Static fields in specialized classes

Brian Goetz brian.goetz at
Wed Oct 15 15:25:58 UTC 2014

> I'm afraid I'm not paid to think full time about the issues like you
> are, but where I can and will speak up is where I have concerns about
> the "feel of Java" in future proposals.

You're free to speak up.  I would hope that before doing so, you'll 
first make a fair attempt to learn what is being proposed, rather than 
shooting from the hip based on your first glimpse of what "new generics" 
might look like.  It takes some time to get used to new ideas. 
(Remember, people bitched mightily about how complicated generics were 
when they were introduced.)

>> Similarly, Foo<int> can't extend Foo<?>
> That is deeply unappealing.

I don't disagree, though I might quibble about the depth of "deeply". 
I'll just note that the alternatives in evidence are less appealing.

> just want to accept any Foo. If I write a method
> process(Foo<?>)
> today in Java 8, I expect it to be able to process a Foo with any
> generic

I'll accept the goal -- it is essential that a method can process any 
Foo<T>.  Just not the mechanism -- see below.

> (ie. I'm saying that I don't care about the generic parameter,
> and just want to use the other aspects of the class). To argue that in
> the future such a method will not be able to accept a Foo<int> (or any
> other value type) is as I said, deeply unappealing, and in a
> reasonable sense, not backwards compatible.

I would argue that the trick of simulating generic methods with 
process(Foo<?>) was *always* broken.  (Collections does this for 
backward compatibility with pre-generified collections, but this was 
always a trick for migration, not for simulating generic methods.)  What 
you should have done even in Java 5 was

<T> void process(Foo<T>) { ... }

instead.  It's just that because of erasure, you could get away without 
using the wildcard parameter and nothing bad happens.  So yes, you will 
no longer be able to get away with that trick for any-generic T, but you 
will still be able to use the right tool -- generic methods -- to write 
fully generic code.  So if you want to write methods that are generic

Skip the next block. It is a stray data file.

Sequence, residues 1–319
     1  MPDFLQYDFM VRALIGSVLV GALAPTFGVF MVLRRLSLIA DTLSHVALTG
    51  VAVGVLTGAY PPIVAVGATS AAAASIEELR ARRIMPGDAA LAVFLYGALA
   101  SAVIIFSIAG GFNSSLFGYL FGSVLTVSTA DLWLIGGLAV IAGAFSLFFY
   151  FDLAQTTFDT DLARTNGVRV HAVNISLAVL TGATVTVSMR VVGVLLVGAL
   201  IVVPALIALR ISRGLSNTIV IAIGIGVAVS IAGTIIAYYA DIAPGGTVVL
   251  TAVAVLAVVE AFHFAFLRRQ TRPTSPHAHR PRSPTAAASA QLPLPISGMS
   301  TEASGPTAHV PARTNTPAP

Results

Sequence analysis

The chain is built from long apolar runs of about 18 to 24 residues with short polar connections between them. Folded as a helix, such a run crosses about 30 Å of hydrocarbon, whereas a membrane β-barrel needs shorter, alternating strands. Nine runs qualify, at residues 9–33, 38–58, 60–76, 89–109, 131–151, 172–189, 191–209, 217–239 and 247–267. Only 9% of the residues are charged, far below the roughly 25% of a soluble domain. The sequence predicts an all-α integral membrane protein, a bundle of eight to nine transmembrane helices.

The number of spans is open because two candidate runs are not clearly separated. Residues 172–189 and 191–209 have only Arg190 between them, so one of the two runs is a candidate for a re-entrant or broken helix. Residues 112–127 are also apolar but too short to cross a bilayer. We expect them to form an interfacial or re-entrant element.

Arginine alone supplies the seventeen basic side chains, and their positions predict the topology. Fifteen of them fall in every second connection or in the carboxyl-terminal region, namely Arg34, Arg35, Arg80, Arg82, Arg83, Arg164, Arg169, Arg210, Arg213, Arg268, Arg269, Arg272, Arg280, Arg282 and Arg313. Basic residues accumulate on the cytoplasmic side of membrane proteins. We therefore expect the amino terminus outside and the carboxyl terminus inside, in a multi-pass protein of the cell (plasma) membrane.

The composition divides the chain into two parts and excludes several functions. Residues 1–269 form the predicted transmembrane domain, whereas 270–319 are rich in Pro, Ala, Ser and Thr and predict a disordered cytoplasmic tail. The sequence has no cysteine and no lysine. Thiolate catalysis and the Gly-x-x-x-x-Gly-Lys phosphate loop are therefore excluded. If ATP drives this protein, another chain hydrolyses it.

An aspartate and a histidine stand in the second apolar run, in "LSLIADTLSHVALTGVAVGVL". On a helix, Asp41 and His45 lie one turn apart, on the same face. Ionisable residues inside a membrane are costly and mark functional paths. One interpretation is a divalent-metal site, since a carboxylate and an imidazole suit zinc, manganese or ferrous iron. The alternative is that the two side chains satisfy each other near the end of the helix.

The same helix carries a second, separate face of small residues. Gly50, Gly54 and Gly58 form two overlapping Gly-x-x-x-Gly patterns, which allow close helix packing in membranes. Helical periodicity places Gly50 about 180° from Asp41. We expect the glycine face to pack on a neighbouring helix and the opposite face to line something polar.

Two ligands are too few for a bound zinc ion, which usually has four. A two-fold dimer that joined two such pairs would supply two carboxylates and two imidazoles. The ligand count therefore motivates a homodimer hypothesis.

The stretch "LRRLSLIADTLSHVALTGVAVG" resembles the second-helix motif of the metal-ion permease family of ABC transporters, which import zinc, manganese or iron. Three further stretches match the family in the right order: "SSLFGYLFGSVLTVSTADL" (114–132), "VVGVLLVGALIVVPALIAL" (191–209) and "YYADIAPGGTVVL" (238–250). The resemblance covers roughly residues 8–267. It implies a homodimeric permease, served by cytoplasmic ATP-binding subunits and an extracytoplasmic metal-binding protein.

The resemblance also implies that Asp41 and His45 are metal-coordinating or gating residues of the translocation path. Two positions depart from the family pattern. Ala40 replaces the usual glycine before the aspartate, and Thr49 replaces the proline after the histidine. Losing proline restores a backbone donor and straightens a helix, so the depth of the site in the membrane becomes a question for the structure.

across all Foo<T> instantiations, just do:

<any T> void process(Foo<T> foo) { ... }

and you're fine.

So if the complaint is "I need to be able to write a method that accepts 
any Foo<T>", we're way ahead of you -- use the tool that was always 
there for that, it will work just fine.  If the complaint is "I want to 
continue to use things that only work in an erased world in a 
semi-reified world", well, you're going to need to let go of your 
crutch.  Refactoring

   void process(Foo<?>)


   <any T> void process(Foo<T>)

is not hard.  And there's no backward-compatibility issue -- existing 
code will continue to work as before.

> Obviously alternative designs are hard, given that you've gone a fair
> way down the current specialism route. I believe that what I really
> want is for values to behave in code as fast objects, not for values
> to behave with all the quirks of primitives.

Yeah, that's a nice idea, and it might be possible to get that at the 
boundary (where values are passed from one method to another.)  Where 
this falls down is in representation of things like arrays; you want 
ArrayList<int> to be backed by an int[], not an Integer[].  You may be 
able to make boxing faster (and we should!), but when the data hits the 
heap, erasure won't cut it.

> (Primitives are bad,
> special cases in most framework code, and this thread appears to be
> expanding the scope of those bad, special cases, not reducing it).

I think you will find you are wrong about that.  This is unifying the 
treatment of primitives in generics, which is one part of the puzzle; 
there are others, but when we're done, we should be finished with 
silliness like writing nine versions of methods like Arrays.fill. 
Avoiding special-casing of primitives is part of the design goal here, 
by unifying all primitives in the greater family of "values".

> Perhaps what Ben, Paul and I are ultimately saying is that the concept
> of the Class mapping to the piece of source code is valuable, and
> shouldn't be lost.

Yes, this is the important part, and it wasn't lost on me.  People have 
intuitive ideas of what "instanceof Foo" means, and that is important.

> As part of this, I don't consider it desirable to be able to overload like this:
> process(Foo<String>)
> process(Foo<int>)
> but not:
> process(Foo<String>)
> process(Foo<Integer>)
> It should be both or neither.

This is a valid opinion -- though not the only valid opinion!  This is a 
place where we have a choice; keep the existing rules (on the theory 
that people have finally figured them out), or extend them based on what 
is possible (on the theory that we should make the restrictions as 
minimal as they can be.)  And either way will upset someone!  So this is 
one of those stewardship choices the EG will get to eventually make.  (A 
nearly identical one is "implements Comparable<int>, Comparable<long>".)

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